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A mathematical outcome prediction model in severe head injury : a pilot study. Correspondence Address: 103 patients of head injury, with a Glasgow coma scale (GCS) score of 8 or less, were studied prospectively. GCS score, brain stem reflexes, motor score, reaction level scale, and Glasgow Liege scale were evaluated as prognostic variables. Linear logistic regression analysis was used to obtain coefficients of these variables and mathematical formulae developed to predict outcome in individual patients.
A numerical method to estimate the probability of outcome following head injury would be useful to prognosticate and direct resources effectively. Several models for this purpose have been described.[1],[2],[3],[4] These are based on the data of representative population. The conditions and factors of these patient groups are not necessarily applicable to our setting. Prognostic factors predicting the outcome following head injury in India have also been described, but formulation of a mathematical model has not been seriously attempted.[5],[6],[7] This study attempts to determine an optimum set of indicators for prognostication. It also formulates a set of coefficients, based on which a prediction model has been developed.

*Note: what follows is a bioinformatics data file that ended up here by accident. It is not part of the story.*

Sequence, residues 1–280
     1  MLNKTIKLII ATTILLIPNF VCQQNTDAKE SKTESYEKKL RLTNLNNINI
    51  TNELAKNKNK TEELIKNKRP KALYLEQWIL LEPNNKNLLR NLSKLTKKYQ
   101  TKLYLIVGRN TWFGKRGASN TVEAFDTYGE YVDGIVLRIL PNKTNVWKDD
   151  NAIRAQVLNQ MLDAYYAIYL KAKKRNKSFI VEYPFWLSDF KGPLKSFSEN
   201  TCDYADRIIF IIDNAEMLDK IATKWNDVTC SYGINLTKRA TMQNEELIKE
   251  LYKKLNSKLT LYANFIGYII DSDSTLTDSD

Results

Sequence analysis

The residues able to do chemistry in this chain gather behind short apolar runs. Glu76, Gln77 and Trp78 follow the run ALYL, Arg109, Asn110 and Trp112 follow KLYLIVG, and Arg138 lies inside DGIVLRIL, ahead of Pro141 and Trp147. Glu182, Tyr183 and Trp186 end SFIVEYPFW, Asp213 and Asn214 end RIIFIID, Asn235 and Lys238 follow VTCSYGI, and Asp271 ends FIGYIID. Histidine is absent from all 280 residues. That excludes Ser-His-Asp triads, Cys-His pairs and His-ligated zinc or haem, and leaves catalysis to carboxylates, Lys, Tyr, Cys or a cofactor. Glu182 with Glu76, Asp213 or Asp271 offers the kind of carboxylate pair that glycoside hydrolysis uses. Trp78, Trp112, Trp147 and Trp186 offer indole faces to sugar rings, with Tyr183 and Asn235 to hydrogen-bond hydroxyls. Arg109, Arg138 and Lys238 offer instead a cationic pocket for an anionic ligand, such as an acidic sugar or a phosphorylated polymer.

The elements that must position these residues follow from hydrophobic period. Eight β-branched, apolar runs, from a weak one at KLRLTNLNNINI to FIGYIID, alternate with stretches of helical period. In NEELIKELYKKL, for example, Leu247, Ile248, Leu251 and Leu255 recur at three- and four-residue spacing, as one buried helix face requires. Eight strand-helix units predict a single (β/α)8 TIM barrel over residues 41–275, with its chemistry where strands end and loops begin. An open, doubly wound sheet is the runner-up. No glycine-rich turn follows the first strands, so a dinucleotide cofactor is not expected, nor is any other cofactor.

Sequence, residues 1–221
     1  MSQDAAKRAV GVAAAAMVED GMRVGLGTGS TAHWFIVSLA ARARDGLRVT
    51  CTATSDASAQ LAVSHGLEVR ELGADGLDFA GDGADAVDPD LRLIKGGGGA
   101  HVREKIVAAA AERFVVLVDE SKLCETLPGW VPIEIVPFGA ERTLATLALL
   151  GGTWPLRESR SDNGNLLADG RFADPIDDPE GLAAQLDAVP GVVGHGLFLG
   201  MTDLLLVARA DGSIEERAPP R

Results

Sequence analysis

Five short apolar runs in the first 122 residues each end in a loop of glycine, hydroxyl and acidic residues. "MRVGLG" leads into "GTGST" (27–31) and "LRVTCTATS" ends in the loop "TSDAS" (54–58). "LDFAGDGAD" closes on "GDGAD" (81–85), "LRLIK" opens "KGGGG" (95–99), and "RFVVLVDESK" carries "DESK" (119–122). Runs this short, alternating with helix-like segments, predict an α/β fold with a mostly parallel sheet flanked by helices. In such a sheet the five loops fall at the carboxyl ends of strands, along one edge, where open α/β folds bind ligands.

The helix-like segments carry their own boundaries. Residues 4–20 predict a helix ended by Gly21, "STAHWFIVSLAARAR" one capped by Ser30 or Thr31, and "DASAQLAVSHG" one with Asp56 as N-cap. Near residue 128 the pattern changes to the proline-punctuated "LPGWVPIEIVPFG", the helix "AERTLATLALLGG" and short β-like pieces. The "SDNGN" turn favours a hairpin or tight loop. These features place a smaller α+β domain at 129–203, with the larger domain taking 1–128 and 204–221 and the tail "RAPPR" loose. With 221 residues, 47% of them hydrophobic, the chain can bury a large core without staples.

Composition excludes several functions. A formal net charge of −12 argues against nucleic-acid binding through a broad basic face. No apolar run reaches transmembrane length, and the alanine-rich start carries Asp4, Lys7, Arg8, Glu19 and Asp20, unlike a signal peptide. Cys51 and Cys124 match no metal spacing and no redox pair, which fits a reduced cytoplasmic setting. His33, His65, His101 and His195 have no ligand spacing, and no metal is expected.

One hundred and fifty nine consecutive patients with severe head injury were admitted to the emergency services of Post Graduate Iinsitute of Medical Education and Research, Chandigarh, during a 3 months period. Of these, one hundred and three were selected prospectively for this study according to the coma data bank criteria, viz. any patient of any age or sex presenting within 24 hours of trauma, Glasgow coma scale(GCS) score of 8 or less after resuscitation and who have stayed within the above score for at least 6 hours following resuscitation.[8] Their haemoglobin was greater than 9 gm dl1 with normal serum electrolytes and renal functions on admission. Patients with a history of alcohol intake, gun shot wound, associated significant soft tissue, bony, spinal, or multiple organ injuries causing hypovolaemic shock, were excluded from the study. Two infants in the series were not given the GCS score. Variables used in the model: Besides detailed neurological examination, motor response (M) as per the motor score in GCS,[9],[10] brain stem reflexes (BSR)[11] and reaction level scale (RLS)[12] were determined at admission, at the end of 24 and 48 hours, and 1st and 2nd week. GCS and BSR were done as a part of the Glasgow Liege Scale (GLS)[1],[13] The RLS was given a score inversely related to its grade, i.e. grade 1(best response) was given a score of 8, grade 2 was given a score of 7, and so on upto a score of 1 for grade 8. Outcome of patients was assessed by Glasgow outcome scale (GOS) at discharge,[14] but collapsed into 3 categories: (a) good recovery and moderate disability (GMD), (b) severe disability and persistent vegetative state (PVSSD), and (c) death(D). Statistical Methods: Linear logistic regression has been used to calculate the coefficients of the above mentioned variables.[15],[16],[17] The probability of attaining any of the above three outcomes has been evaluated. A curve fitting conformal mapping, employing least square deviation, provided a linear regressional analysis for each set of prognostic indicator values and combinations of these indicators. These were further assessed for evaluating the respective probabilities for each outcome. The expected outcome values once obtained were between 0 and 2, with 0 denoting death, 1 denoting PVSSD, and 2 denoting GMD. Probabilities of predicted outcomes at extremes of the scale were higher than those at the middle. The accuracy of prediction varied with an estimated probability of outcome. Information was processed on database software Oracle, version 6.0, and regressional correlation was established using the spreadsheet Lotus, version 3.4 and 4.0.